Georgetown University’s Newspaper of Record since 1920

The Hoya

Georgetown University’s Newspaper of Record since 1920

The Hoya

Georgetown University’s Newspaper of Record since 1920

The Hoya

Republicans Wrong to Cut an Investment in America’s Future

In “Despite Recent Scandals, GOP Shows Resolve,” (The Hoya, Nov. 1, 2005, A3) Kris Rodgers and Jay Ennis grossly mischaracterize the effects of the more than $14 billion in cuts to federally-funded student aid programs.

We would have welcomed their attendance at the rally hosted by the GU College Democrats, GU Legislative Advocates and GUSA on Capitol Hill Tuesday to share their views on this vital issue. Unfortunately the GU College Republicans chose to turn their backs on their fellow Hoyas in a time of need.

To begin a discussion on education funding, it is imperative to first reflect on the Bush Administration’s fiscal irresponsibility. Though Rodgers and Ennis surrender to the inevitably of a weak economy over the past five years, talk of fiscal responsibility is impossible to fathom from a president who turned a $5.7 trillion surplus into a $9 trillion deficit. This administration has failed to stimulate economic growth or to curb the increasing unemployment rates of a workforce that believes in endless possibilities.

Instead, this administration’s priorities have been to cut nearly $2 trillion of taxes, of which 50 percent went to the richest 0.2 percent of Americans. And now, we watch the House of Representatives struggle to reconcile the federal budget.

Democrats, however, are fighting to maintain adequate funding to programs that keep America competitive in an increasingly global economy. This is the time when America must invest in education to ensure that our generation will be well prepared to tackle tomorrow’s challenges. Why, then, do Republicans across the country and here on campus demonstrate such apathy for students’ struggles?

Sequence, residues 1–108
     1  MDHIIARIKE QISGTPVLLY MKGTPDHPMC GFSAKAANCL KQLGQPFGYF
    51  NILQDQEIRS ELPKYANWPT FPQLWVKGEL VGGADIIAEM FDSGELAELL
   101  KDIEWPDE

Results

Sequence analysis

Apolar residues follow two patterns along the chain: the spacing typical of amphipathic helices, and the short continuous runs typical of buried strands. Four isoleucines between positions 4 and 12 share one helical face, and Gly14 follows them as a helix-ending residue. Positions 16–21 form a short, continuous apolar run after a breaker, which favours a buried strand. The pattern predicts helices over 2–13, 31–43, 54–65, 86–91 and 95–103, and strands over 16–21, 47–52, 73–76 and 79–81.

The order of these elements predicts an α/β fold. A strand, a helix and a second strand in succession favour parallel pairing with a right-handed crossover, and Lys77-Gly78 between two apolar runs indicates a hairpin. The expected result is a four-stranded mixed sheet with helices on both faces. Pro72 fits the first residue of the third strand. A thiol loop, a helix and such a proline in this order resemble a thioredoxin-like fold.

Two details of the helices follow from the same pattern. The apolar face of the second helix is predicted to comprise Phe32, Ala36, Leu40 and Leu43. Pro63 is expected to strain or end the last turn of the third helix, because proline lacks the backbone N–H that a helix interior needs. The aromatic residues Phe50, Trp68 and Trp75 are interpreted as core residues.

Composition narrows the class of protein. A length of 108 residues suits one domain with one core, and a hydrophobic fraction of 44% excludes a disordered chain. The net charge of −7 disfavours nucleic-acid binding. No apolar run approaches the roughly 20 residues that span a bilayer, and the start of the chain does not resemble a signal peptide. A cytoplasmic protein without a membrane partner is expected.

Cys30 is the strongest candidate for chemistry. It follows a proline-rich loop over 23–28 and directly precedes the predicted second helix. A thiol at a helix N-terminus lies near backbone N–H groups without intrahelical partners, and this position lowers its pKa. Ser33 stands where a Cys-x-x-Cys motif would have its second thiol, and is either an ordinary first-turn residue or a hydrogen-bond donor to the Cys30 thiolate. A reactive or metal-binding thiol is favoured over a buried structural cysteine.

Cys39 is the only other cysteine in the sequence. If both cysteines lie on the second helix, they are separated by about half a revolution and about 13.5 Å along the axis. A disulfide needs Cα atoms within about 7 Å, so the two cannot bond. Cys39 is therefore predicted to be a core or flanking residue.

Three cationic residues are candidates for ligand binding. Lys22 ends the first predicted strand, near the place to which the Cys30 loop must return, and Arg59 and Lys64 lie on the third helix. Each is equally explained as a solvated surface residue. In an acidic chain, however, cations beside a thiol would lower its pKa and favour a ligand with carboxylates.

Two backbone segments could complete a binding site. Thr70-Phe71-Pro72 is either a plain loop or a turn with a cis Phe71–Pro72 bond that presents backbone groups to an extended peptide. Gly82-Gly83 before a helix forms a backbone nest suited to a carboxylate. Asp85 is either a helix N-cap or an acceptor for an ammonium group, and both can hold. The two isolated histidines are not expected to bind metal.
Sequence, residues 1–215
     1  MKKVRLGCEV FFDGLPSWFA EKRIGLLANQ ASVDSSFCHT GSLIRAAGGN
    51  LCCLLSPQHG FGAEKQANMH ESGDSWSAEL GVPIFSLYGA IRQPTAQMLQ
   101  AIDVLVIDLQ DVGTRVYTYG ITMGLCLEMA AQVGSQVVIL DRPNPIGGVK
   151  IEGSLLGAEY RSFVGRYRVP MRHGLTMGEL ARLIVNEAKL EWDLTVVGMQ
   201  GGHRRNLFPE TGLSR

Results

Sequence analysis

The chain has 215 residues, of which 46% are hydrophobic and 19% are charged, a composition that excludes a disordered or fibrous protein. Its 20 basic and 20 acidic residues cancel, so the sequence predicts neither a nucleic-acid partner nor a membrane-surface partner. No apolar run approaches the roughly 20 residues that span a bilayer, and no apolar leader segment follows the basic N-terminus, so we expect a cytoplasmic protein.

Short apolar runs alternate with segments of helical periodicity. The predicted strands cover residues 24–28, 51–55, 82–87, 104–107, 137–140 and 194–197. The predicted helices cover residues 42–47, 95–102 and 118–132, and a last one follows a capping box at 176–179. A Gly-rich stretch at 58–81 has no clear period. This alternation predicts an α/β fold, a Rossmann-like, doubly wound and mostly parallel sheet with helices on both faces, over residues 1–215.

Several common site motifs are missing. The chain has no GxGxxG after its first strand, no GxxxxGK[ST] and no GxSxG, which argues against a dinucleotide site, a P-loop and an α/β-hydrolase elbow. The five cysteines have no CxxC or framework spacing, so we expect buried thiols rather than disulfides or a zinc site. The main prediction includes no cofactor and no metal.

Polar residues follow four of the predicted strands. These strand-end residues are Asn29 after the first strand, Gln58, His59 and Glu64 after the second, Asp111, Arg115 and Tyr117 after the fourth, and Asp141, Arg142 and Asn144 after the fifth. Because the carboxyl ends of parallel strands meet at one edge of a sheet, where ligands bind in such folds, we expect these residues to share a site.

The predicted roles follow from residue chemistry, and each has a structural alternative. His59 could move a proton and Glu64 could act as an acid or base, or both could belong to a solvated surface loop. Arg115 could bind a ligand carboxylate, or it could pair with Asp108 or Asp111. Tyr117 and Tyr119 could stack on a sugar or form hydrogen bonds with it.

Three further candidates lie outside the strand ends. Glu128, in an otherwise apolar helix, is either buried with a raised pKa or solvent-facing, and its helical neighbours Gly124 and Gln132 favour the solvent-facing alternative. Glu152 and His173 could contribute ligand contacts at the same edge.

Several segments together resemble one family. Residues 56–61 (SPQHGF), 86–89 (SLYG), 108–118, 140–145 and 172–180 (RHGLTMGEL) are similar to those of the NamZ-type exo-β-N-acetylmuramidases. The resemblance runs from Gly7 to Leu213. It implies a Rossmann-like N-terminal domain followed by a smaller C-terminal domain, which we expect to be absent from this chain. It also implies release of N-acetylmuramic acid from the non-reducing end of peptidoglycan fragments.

Rodgers and Ennis would also like you to believe that education funding has increased across the board over the last four years. Unfortunately, the $14 billion increase cited does not account for inflation. When the cost of education at Georgetown has jumped 11 percent last year alone, this supposed increase is irrelevant and blatantly mischaracterizes the real economic effect of such an inadequate increase in funding.

Let’s remember that when President Clinton left office in 2001, funding for higher education totaled $56 billion. Over the last five years, it has increased by a meager $6 billion according to the Department of Education, an inflation-adjusted increase (for those of us who do math) of barely 1 percent. Certainly the failure of the current administration to provide opportunity to qualified students who yearn to attend college epitomizes its ambivalence towards America’s future.

The House Committee on Workforce and Education has announced that the original $8.7 billion was limited to cuts in administrative costs, reducing subsidies paid to lenders, improving the risk-sharing structures between the lenders and federal government and stabilizing the interest rate structure. While we appreciate these improvements in efficiency, the committee refuses to reinvest these savings in the higher education system as Democrats on the committee have proposed.

Instead, the Republican leadership has earmarked these savings to begin to pay for a $70 billion tax cut to Americans making over $1 million a year. Though Republican committee members would have you believe that the bill’s purpose is to reduce the deficit, the reconciliation bill only includes $30-$50 billion in savings, which guarantees an increase in our nation’s deficit. This increase in the deficit by between $20 and $40 billion is only another representation of this government’s disregard for our future economic stability.

In addition, Republicans refuse to take responsibility for the extra $7.3 billion in cuts that will limit other students’ access to federal loan programs. The committee admits that these cuts will further burden the average student borrower with an additional $5,800 per year, on top of the average $17,500 in debt they already incur. With the majority of college students struggling to afford a quality education, how can this administration justify making it more expensive, rather than less?

How can the government justify shifting the burden of its irresponsibility onto the backs of students? It is the government’s duty to promise America a positive future. A quality education for every American student is a necessary first step towards fulfilling that responsibility.

Timothy D’Arduini is a senior in the School of Foreign Service and vice president of the College Democrats. Jenna Lowenstein is a freshman in the College and chief of staff for the vice president of the College Democrats.

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